The Neutron Radiography Reactor Facility (NRAD) is a Training, Research, Isotope Production, General Atomics (TRIGA) reactor which was installed in the Idaho National Laboratory (INL) Hot Fuels Examination Facility (HFEF) at the Materials and Fuels Complex (MFC) in the mid 1970s. The facility provides researchers the capability to examine both irradiated and non-irradiated materials in support of reactor fuel and components programs through non-destructive neutron radiography examination. The facility has been used in the past as one facet of a suite of reactor fuels and component examination facilities available to researchers at the INL and throughout the DOE complex. The facility has also served various commercial research activities in addition to the DOE research and development support. The reactor was initially constructed using Fuel Lifetime Improvement Program (FLIP)- type highly enriched uranium (HEU) fuel obtained from the dismantled Puerto Rico Nuclear Center (PRNC) reactor. In accordance with international non-proliferation agreements, the NRAD core will be converted to a low enriched uranium (LEU) fuel and will continue to utilize the PRNC control rods, control rod drives, startup source, and instrument console as was previously used with the HEU core. The existing NRAD Safety Analysis Report (SAR) was created and maintained in the preferred format of the day, combining sections of both DOE-STD-3009 and Nuclear Regulatory Commission Regulatory Guide 1.70. An addendum was developed to cover the refueling and reactor operation with the LEU core. This addendum follows the existing SAR format combining required formats from both the DOE and NRC. This paper discusses the project to successfully write a compliant and approved addendum to the existing safety basis documents.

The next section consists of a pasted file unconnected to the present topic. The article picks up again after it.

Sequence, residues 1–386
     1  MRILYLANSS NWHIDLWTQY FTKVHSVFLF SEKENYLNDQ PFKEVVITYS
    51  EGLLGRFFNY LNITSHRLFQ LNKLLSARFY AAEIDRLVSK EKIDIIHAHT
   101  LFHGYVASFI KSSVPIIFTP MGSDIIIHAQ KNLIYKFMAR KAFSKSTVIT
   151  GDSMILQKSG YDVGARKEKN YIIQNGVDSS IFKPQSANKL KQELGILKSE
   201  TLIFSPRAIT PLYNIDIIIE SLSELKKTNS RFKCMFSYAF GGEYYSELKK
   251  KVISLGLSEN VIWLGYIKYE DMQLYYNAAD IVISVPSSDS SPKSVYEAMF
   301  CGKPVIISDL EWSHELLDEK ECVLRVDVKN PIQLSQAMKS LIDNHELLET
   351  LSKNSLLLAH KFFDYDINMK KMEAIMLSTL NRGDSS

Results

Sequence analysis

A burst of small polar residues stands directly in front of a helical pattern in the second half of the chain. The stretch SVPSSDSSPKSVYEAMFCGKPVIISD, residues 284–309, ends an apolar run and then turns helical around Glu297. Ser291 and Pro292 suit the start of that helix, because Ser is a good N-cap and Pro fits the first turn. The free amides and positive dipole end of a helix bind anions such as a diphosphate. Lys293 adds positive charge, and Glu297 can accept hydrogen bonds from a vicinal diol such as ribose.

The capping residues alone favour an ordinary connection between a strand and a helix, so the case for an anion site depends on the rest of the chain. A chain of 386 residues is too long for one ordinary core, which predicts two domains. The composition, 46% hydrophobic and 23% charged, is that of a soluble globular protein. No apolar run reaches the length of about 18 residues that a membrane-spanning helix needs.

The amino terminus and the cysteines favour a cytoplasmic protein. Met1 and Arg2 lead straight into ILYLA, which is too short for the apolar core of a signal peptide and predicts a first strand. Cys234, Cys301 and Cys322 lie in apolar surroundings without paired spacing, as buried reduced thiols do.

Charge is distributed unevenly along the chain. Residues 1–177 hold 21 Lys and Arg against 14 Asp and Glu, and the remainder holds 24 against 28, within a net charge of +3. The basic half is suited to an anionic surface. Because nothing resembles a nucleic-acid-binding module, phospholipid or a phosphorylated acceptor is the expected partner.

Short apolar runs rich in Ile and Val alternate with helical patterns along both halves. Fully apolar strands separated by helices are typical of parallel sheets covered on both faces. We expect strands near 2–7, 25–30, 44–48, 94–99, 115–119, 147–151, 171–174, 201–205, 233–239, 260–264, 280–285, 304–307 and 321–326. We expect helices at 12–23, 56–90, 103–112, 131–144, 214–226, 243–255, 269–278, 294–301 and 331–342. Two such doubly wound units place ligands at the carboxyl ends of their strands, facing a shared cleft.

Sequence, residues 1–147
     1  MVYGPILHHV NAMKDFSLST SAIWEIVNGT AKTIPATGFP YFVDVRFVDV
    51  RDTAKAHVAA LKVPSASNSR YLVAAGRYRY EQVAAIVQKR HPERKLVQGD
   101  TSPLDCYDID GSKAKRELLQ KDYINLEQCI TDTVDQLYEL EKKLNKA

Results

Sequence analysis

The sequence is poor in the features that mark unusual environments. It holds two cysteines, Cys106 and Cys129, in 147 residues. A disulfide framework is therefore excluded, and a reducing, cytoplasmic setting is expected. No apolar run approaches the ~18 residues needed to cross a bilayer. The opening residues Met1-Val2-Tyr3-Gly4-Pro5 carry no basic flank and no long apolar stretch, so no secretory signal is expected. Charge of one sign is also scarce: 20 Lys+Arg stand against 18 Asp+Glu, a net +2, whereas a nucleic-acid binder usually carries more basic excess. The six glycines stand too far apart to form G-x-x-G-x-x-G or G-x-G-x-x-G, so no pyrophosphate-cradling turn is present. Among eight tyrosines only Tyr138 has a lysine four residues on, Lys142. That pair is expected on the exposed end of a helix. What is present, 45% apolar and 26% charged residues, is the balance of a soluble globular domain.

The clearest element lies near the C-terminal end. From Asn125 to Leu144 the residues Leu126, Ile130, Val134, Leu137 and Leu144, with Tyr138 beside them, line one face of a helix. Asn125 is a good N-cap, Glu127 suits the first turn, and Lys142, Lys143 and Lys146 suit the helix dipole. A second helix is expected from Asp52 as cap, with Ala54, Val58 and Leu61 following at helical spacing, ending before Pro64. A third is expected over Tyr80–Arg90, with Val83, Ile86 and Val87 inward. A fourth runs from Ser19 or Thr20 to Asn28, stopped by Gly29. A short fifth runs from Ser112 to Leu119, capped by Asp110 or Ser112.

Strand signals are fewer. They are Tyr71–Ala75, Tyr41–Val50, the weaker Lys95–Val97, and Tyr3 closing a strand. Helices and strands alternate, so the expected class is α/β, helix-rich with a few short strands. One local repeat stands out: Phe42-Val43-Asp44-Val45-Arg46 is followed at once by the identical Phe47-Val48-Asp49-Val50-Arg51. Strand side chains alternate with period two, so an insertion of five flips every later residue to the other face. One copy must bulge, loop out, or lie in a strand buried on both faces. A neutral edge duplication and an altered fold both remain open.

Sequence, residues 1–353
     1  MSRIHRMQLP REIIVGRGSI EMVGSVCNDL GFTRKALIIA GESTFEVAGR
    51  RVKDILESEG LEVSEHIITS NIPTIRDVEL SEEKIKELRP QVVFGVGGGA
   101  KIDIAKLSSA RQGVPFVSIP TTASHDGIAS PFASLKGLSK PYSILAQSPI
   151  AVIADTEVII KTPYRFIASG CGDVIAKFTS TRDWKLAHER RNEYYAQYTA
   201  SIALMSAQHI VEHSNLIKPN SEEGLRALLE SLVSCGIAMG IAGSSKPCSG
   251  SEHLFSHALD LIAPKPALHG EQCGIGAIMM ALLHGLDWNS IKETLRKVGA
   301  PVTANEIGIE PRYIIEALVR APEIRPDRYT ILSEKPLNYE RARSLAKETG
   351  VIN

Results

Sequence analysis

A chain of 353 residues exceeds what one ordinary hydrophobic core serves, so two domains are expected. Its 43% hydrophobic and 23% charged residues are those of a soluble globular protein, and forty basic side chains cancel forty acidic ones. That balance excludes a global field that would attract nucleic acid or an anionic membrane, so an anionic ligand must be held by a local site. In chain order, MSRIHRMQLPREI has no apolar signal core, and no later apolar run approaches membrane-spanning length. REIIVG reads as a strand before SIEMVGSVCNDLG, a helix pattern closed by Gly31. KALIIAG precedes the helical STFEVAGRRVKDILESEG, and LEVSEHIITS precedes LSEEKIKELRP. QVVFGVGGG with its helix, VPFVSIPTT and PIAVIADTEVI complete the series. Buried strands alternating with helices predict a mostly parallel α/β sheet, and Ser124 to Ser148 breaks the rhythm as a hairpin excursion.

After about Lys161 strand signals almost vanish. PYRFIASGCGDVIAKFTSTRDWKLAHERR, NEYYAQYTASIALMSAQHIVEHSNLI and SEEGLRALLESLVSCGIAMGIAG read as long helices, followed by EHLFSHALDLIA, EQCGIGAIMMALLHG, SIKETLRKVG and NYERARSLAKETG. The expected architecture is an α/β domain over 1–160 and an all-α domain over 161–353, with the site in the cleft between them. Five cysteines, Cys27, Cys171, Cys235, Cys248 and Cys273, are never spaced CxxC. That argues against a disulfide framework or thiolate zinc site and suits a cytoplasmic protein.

10. Reactor operation safety information document

    SciTech Connect (OSTI)

    Not Available

    1990-01-01

    The report contains a reactor facility description which includes K, P, and L reactor sites, structures, operating systems, engineered safety systems, support systems, and process and effluent monitoring systems; an accident analysis section which includes cooling system anomalies, radioactive materials releases, and anticipated transients without scram; a summary of onsite doses from design basis accidents; severe accident analysis (reactor core disruption); a description of operating contractor organization and emergency planning; and a summary of reactor safety evolution. (MB)

  11. Office of Enterprise Assessments Review of the Hanford Site Sludge Treatment Project Engineered Container Retrieval and Transfer System Preliminary Documented Safety Analysis, Revision 00 - April 2015

    Office of Environmental Management (EM)

    Hanford Site Sludge Treatment Project Engineered Container Retrieval and Transfer System Preliminary Documented Safety Analysis, Revision 00 April 2015 Office of Nuclear Safety and Environmental Assessments Office of Environment, Safety and Health Assessments Office of Enterprise Assessments U.S. Department of Energy Table of Contents Acronyms ................................................................................................................................. iii Executive Summary

  12. WIPP Documents - Quality Assurance and Safety

    Broader source: All U.S. Department of Energy (DOE) Office Webpages (Extended Search)

    Quality Assurance and Safety Quality Assurance Program Document DOECBFO-94-1012 Rev. 12 Effective date: 815...

  13. Nuclear Safety Enforcement Documents | Department of Energy

    Office of Energy Efficiency and Renewable Energy (EERE) Indexed Site

    Nuclear Safety Enforcement Documents Nuclear Safety Enforcement Documents Documents Available for Download April 28, 2016 Savannah River Nuclear Solutions, LLC, Consent Order NCO-2016-01 Nuclear Safety Enforcement Consent Order issued to Savannah River Nuclear Solutions, LLC relating to nuclear criticality safety infractions that occurred at the Savannah River Site February 19, 2016 Preliminary Notice of Violation, Los Alamos National Security, LLC Nuclear Safety Enforcement Preliminary Notice